> evaluate whether the experiment had any useful effect.
>
> So, I think the experiment is worthwhile but that, if we expect
> to learn anything from it, I think it would be much wiser to
> initiate it only after the IETF list settles down (or the IESG
> makes an informed decision that we are in a new steady state and
> "settled down" is not going to happen).  If things settle down
> before the 1st of September (and I devoutly hope they will)
> then, by all means go for it (especially if you don't think the
> concern below is a problem) but, if not, I suggest thinking very
> carefully about start dates.
>
> (2) As I have talked with people in other standards bodies,
> people in procurement roles, regulators, and so on over the last
> many years, I've become convinced that the IETF's main source of
> strength and credibility has been effective cross-area review
> (as well as interoperability testing in years gone by).  It is
> not that we are so much smarter than everyone else, it is that
> we've been able to look at a specification that is proposed for
> the standards track from many different perspectives and do so
> in depth.  As you know, I'm concerned that the quality of those
> reviews has been deteriorating as am increasing fraction of the
> reviews outside the WG or Area of the document are by people
> with insufficient in-depth knowledge to understand the subject
> matter and comment on it in detail.  I may be atypical, but
> there have been many times I've ignored a Last Call announcement
> of a document that is within my area of competence but not of
> special interest, only to be lured in later by a Last Call
> discussion on the IETF list.   Now, if everyone who is
> interested in technical reviews of LC documents subscribes to
> the new list and stays on it, there will be no difference.  But
> I can easily imagine some number of IETF participants
> subscribing to the new list only when a Last Call of interest
> shows up on IETF-Announce and then unsubscribing when that Last
> Call is over.  If the number of such people, perhaps weighted by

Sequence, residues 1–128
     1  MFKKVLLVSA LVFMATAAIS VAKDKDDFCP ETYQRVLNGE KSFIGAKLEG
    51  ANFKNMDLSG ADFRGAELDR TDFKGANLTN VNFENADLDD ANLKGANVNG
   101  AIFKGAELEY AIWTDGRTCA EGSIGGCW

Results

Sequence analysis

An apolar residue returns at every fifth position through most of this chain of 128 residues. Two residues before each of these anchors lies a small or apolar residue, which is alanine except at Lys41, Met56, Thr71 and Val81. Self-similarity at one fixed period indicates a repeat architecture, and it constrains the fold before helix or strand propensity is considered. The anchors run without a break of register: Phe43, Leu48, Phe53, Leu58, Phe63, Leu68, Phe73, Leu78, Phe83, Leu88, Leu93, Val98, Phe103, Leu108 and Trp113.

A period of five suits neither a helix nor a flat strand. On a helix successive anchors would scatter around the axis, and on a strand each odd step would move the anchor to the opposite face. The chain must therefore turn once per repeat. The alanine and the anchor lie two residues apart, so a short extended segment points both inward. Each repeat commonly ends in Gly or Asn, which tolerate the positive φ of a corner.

> their depth and breath of technical knowledge, is trivial, then
> there is no concern.  But, if it isn't and that [further]
> weakens our ability to obtain in-depth cross-area reviews, it
> won't be doing the IETF and its future any favors.   If the
> experiment is run, I'm not sure that effect can be measured, but
> the possibility may be worth a little thoughts.
>
> best,
>    john
>
>
>
>
> --On Thursday, September 12, 2019 12:14 -0400 Barry Leiba
> <barryleiba@computer.org>; wrote:
>
> > As we discussed in the plenary session at IETF 105 in
> > Montréal, some community members have suggested moving
> > document last-call discussions onto a dedicated "last-call"
> > mailing list, and off of the general <ietf@ietf.org>; list.
> > The latter is a high-volume list with a lot of varied
> > discussion, and some think that it would be useful to separate
> > the general discussion from the last-call discussion, to allow
> > people to choose which discussions (or both) to follow.  In
> > the IETF 105 plenary, support was expressed for that
> > separation.
> >
> > The IESG agrees, and wants to try an experiment to that end.
> > We propose to create <last-call@ietf.org>; and to direct
> > last-call comments and discussions there (the last-call
> > announcements would still go to <ietf-announce@ietf.org>;, with
> > "reply-to" set to the new list).  That list would be monitored
> > by volunteers recruited by the IETF Chair, and digressions
> > would be nudged back to <ietf@ietf.org>;, while we would ask
> > people having last-call discussions on this list to please
> > move them to the new list.  We would get the tools team
> > involved so that the distribution lists for directorate and
> > review-team reviews would be updated appropriately.
> >
> > Our plan is to create the new list and pre-subscribe everyone
> > who is subscribed to <ietf@ietf.org>; at that time.  Of course,
> > anyone could unsubscribe to either or both lists immediately
> > or later, but we think that doing it this way would minimize
> > the likelihood that people would miss important stuff because
> > of the move, and folks can choose what they prefer from there.
> >
> > After six months, we would do an initial evaluation, including
> > getting feedback from the community, to see how the experiment
> > is working.  If it seems worth continuing we would do so, and
> > at a point that the community decides that the experiment is a
> > success (should it so decide), we would start an update to BCP
> > 45 to formally move the location for last-call discussions,
> > and we would update the 2007 IESG Statement on Last Call
> > Guidance.
> >
> > We invite comments, here, on this plan, by the end of
> > September. As I say above, we've heard support from the
> > community for the general idea, and we'd like to make sure
> > this direction is what the community wants.
> >
> > Barry, for the IESG
> >
>
>
>
>